She’d asked if he was an author, and he’d said yea—well he wrote plays didn’t he? So she asked him what he ‘made grow’. He shook his head, remembering how her question had thrown him. She had laughed and said to look in the Holy Book. Her and her Holy Book. An author, so she said, is an originator, literally ‘one who makes to grow’. She’d said it with such a wicked glint to her eyes.

“Great, yeah, funny. But that’s your Rothi Holy Book. We’ve already established you use a late copy. Our Good Book says no such nonsense.” But then he’d had to apologise when, later, he’d looked up the word in the Good Book and there found the same quote.

Memories, they haunted him all the way up the  ladders. By the time he reach the ninth floor his loins fair-ached for her. But that was fine, they’d soon be married and then . . . he sighed. Then he must live with her wealth. He didn’t yet know how he’d manage that. Could he undermine it from within? Nah, he’d use it to build hundreds and hundreds of mega-huge flower-houses. He hadn’t been jesting when he’d said of holding hands in the Daab. That was his plan.

Now on the top floor of the tower, he could feel the sway of it, battered as it was by the wind. And ahead, a door invited him on.

He braced himself. If the tower was swaying, what then of the fragile walkway. He wished he’d studied it longer while still on the ground.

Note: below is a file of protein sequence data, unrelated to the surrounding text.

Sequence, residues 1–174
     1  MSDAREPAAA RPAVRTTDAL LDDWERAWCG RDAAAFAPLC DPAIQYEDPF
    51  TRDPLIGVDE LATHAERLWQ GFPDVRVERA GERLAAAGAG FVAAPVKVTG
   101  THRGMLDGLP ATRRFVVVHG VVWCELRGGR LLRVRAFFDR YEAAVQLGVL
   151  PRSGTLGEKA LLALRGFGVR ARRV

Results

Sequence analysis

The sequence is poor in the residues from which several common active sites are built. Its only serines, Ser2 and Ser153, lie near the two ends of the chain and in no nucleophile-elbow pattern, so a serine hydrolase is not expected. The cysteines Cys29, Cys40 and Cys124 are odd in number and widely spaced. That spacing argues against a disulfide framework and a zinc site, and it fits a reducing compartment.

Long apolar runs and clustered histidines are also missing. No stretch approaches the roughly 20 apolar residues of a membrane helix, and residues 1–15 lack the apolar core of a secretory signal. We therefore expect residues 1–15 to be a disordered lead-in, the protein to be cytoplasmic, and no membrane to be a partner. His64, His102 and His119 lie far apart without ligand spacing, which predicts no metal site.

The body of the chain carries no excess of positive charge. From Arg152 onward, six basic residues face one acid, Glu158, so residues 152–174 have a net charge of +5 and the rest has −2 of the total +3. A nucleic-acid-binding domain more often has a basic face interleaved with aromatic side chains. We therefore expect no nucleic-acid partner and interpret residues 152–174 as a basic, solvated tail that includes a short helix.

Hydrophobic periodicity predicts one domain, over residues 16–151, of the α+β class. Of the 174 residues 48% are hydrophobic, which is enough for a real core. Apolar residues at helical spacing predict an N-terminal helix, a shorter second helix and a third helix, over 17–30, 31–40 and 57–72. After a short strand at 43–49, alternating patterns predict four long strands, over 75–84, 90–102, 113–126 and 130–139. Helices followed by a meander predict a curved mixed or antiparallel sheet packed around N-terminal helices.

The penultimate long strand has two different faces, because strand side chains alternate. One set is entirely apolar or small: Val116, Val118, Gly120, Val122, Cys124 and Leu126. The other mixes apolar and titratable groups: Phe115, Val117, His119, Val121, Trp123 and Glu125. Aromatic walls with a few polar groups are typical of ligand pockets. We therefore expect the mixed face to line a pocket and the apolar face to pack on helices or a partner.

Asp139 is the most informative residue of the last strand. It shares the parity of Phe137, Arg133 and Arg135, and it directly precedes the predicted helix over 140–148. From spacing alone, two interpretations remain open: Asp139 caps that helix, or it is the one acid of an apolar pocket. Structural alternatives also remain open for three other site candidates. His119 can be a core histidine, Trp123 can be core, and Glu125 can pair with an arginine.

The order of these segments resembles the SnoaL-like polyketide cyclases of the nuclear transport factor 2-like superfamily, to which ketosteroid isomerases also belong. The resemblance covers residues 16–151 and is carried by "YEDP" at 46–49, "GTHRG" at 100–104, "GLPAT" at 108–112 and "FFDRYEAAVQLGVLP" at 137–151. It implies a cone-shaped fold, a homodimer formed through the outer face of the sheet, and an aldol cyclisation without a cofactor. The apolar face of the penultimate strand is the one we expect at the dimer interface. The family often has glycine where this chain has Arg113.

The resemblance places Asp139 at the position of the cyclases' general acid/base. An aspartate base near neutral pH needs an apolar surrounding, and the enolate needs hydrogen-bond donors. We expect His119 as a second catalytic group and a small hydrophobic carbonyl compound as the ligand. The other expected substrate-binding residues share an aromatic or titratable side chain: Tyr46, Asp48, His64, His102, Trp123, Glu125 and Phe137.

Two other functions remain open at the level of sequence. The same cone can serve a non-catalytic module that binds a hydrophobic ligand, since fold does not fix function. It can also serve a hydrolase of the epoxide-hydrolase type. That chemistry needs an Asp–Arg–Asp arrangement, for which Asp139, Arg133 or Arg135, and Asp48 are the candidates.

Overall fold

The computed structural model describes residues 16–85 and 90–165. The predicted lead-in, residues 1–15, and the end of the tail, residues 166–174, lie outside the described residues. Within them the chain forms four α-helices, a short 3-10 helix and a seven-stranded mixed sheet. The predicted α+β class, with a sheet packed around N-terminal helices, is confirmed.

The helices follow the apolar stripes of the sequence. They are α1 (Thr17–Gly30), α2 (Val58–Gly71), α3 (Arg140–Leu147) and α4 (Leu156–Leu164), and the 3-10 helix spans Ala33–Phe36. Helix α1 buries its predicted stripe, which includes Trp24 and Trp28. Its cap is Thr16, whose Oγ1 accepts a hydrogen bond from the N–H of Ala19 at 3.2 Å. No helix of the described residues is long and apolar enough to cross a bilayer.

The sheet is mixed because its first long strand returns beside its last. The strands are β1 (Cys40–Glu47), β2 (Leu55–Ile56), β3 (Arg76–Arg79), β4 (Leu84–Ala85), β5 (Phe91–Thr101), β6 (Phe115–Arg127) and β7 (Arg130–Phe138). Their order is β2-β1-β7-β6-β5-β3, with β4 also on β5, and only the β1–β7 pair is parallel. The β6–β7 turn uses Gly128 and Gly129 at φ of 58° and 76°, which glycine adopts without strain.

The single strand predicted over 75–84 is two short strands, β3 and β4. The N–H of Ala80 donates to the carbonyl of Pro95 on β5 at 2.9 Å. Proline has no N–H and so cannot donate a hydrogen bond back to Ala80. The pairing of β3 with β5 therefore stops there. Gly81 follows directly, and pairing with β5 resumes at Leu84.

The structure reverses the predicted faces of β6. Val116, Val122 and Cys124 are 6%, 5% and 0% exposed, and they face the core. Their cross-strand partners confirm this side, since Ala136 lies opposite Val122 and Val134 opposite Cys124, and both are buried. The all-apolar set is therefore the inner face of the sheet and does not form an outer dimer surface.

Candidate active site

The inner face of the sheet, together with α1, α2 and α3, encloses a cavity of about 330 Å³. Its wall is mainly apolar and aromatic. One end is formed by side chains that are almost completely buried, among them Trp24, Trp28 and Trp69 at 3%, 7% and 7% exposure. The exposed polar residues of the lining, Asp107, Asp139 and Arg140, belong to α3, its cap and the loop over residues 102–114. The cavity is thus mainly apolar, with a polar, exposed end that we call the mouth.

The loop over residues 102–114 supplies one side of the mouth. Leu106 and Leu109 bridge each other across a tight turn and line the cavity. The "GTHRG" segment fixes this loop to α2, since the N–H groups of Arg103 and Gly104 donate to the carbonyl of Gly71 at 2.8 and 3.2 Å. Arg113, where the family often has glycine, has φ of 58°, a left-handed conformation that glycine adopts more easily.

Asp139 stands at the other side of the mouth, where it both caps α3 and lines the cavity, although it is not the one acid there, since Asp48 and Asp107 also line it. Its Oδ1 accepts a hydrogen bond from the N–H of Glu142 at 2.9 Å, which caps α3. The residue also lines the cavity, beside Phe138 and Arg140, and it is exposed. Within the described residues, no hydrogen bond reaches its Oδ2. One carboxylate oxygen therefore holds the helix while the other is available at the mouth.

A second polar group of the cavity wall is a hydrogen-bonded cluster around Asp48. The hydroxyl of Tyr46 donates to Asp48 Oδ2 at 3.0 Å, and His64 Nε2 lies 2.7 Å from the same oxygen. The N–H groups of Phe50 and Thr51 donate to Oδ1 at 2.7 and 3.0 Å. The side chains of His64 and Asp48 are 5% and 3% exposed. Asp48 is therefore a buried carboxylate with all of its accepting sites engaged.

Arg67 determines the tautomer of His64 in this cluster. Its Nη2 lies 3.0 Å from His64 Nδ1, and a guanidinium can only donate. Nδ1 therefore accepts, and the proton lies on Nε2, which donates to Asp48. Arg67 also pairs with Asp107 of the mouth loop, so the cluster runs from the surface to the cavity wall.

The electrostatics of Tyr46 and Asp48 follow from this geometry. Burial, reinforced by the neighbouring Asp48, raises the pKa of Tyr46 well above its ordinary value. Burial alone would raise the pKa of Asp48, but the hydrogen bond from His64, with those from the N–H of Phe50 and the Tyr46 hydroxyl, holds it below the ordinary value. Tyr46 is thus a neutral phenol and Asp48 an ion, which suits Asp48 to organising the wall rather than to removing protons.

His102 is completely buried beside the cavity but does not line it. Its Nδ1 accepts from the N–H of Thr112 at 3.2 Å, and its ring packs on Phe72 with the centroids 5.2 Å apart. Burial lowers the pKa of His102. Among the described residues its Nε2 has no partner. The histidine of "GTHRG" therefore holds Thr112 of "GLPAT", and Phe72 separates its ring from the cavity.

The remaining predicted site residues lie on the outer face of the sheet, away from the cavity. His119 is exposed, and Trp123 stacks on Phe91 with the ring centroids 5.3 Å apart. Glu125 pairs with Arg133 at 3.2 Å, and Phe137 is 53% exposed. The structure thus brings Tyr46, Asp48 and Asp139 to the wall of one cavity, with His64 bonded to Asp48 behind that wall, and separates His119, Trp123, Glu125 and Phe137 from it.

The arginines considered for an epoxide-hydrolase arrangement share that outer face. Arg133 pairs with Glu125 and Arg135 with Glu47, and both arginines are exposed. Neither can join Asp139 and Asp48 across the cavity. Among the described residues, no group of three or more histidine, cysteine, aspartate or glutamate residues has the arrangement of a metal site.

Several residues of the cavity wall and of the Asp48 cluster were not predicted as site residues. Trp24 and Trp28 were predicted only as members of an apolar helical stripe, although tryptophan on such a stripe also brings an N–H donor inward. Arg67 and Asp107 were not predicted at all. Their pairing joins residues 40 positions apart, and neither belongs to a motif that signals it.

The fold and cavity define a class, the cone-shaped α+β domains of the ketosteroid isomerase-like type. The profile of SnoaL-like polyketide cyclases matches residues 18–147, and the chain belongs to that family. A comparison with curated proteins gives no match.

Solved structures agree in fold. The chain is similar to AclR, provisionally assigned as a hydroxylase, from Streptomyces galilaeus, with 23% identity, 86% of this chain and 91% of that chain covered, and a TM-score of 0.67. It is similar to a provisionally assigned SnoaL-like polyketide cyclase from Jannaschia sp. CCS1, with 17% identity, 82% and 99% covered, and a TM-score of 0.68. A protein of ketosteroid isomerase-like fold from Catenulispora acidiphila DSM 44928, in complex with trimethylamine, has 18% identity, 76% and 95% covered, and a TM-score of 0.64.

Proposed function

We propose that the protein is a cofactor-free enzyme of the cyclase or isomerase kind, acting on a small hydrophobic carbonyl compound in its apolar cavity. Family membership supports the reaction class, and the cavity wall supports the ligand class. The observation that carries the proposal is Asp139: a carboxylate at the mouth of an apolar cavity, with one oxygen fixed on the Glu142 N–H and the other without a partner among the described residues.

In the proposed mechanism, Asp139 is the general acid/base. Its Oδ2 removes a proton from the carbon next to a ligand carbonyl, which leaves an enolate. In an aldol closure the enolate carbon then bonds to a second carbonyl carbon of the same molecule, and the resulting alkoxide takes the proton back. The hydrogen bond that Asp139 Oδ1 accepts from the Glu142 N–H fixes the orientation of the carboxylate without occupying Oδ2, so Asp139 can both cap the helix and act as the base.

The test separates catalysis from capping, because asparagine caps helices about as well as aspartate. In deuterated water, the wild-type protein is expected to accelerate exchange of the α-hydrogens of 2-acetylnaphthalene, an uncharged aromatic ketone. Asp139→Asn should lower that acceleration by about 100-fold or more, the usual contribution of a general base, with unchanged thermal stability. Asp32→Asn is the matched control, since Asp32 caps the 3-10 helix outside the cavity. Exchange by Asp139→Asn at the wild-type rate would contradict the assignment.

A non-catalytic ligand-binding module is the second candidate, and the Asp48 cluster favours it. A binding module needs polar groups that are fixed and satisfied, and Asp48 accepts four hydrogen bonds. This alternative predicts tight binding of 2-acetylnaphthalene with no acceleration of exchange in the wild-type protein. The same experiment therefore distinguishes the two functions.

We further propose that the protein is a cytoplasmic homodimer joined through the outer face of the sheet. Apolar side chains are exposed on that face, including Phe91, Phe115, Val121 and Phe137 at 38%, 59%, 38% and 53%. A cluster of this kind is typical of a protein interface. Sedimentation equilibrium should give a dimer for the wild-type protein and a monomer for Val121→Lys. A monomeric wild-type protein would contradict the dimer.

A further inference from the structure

He took a tentative step on the slatted-wood of the bridge. There were railings to either side of him. He appraised the wood-grass structure with a knowledgeable eye. Short of total collapse it ought to be safe. It was only the joints creaking and groaning as the wood-grass moved in the breeze.

Natzo! He soon discovered it wasn’t a breeze, it was a ratting hurricane. He shivered. How cold would it be up here in the winter? He was glad she had Shore House to live in, down there, out of the wind; glad, too, that they weren’t to live with Gowen, her ward-holder. But Disa, too, had said of the cold. Snow, she’d said, and he’d thought that something found only on mountains. Winter, that’s the season they’d go to the Daab.

Though the cold was biting he’d no other problem with being up here. He made the most of it, scanning around him. He was fascinated to watch the sea. There were boats, he could see, beyond the spit. He corrected himself, remembering what Disa had said. If they go to sea, they’re ships not boats. She had listed the types. He’d kissed her to stop the long list from multiplying. He would eventually get his head round it all – once he had tired of them going to bed. Judge Madir’s words returned to him—and his reply. “Yeah, but what’s a marriage without a rumple? What better expression of the Magnificent Maker? Without it the Destroyer would reign.” Boddy laughed. He’d make it his personal mission to keep the Destroyer at bay.